Hot & Cold

Chen Yu
May 14, 2018

I had a sore throat in Meknes on the last day of the orientation week. I felt better after drinking some hot water. As I was packing my luggage, my host mom called me for lunch. I went back to the dining room, only to see some fried chicken legs with vegetables. I told me host mom in French, “The fried chicken is too hot. I can’t eat it when I’m having a sore throat.” My host mom immediately answered, “Well just wait a bit and it’ll be cold.” I realized we were not on the same page at all, but did not know how to explain.

In Chinese culture, we believe that certain foods are hot and certain foods are cold. It has nothing to do with the temperature of the food; it refers to the inherent characteristics of the foods. For example, fries are hot; refrigerated fries are still hot. There is no hard rules to tell what food is hot and what food is cold. As a kid, I simply learned this concept and the characteristics of different foods from my parents, who always tell me not to overeat one thing because it is hot for my body.

Similarly, our bodies can also be hot and cold; while being cold is generally good for one’s body, being too cold is not healthy either. When one is constipated, especially with some blood in their stools, or has a sore throat, coughs up yellow, sticky mucus, or/and has yellow, sticky snivels, it means that their body is too hot. When one coughs up white mucus or/and has white snivels, it means their body is too cold. A cold cough and a hot cough require totally different treatments.

The concept of hot and cold is used to decide what food to eat. While it’s generally better for your body to eat cold food, you can eat a little hot food every day or less often if you eat enough cold food and do not have any “hot symptoms”. However, when hot symptoms do occur, one should try to eat as much cold food as possible, and avoid hot food for as long as the “hot symptoms” persist.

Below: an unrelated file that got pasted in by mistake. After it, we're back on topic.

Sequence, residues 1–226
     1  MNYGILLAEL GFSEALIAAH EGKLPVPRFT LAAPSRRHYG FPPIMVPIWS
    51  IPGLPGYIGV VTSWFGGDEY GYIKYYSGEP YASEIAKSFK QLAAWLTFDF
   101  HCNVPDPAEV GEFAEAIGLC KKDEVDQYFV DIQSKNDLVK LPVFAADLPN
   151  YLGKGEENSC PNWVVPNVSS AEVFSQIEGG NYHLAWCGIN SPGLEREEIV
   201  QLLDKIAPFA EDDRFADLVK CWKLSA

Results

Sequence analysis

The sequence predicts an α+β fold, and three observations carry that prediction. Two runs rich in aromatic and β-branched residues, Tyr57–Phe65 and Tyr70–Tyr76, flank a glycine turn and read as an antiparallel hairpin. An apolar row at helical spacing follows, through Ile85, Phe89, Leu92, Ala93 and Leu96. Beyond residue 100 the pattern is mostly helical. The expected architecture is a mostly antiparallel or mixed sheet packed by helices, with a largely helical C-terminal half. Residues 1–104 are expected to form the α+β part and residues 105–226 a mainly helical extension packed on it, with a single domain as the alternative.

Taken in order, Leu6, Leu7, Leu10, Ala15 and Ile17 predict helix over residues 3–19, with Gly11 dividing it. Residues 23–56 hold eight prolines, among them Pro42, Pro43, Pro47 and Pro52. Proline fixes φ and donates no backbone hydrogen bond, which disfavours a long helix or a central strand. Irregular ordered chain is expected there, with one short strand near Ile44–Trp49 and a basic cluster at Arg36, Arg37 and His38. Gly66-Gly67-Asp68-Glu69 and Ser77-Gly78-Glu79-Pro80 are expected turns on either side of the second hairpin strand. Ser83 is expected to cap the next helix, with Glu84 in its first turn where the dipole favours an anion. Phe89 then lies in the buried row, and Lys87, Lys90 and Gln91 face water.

With this explanation in mind, which is probably non-sense to you, you’ll probably have a better idea of why eating healthy in Morocco has been a struggle for me. Healthy food isn’t as readily accessible as back at home in China or in New Orleans where I could always cook for myself. For breakfast with my host family, each person gets a piece of mlewi, a Moroccan “pancake” made of flour, butter, (a lot of) oil, and eaten mostly with jam and/or cheese. We have coffee and  milk too, and can have however much bread we want. My host family packs me lunch every day, and they either pack me a lot of fried food, or salad with a lot of oil. These are not really cold food, but when I’m not sick, it’s not that big of a deal. I know it’s not as healthy, but I eat fruits and drink a lot of water to keep my body cold.

This semester, unfortunately, I get sick a lot more often, from minor colds or fevers to somewhat severe diarrheas. When I had a diarrhea, I had to ask my host mom to specifically cook me some rice because other foods will very likely to be too heavy for my stomach. She tried to make rice taste better for me, so she usually cooked rice porridge with different vegetables and a bit salt. Sometimes she randomly (in my opinion) added some garlics, probably wanting it to taste better; it tasted really weird to me. There were so many times when I felt I had to go to a Chinese restaurant in Rabat in order to have healthy and yummy food. I remember that when I was sick at home in China, my mom always pan fried vegetables and meat with very little oil and they tasted awesome. When I cooked for myself, I pan fried green unions and garlics with very little oil, cooked vegetables with light soy sauce and cooking alcohol. I felt so healthy with enough consumption of vegetables and meat cooked in a “cold” way every day. It’s been a bit of a struggle here in Rabat to eat healthy, but I’m excited to go home very soon!

Chen Yu

<p>Speaking fluent Mandarin Chinese, English, and conversational Czech, Yu Chen is currently looking to perfect his French during his upcoming semester abroad in Rabat. Passionate about revealing social and structural inequalities around the world through film and media, Yu Chen is pursuing a bachelor’s degree in Gender &amp; Sexuality Studies and Digital Media Production.</p><p>Previously, Yu Chen has studied environmental issues in Okinawa, conducted research on social practice art in Puerto Rico, exchanged at the Film &amp; TV School of Academy of Performing Arts in Prague, and tasted 44-year-old homemade Serbian Rakija in Belgrade.</p>

2018 Spring
Home University:
Tulane University of Louisiana
Fuzhou, Fujian, China
Gender Studies
Media/Media Studies
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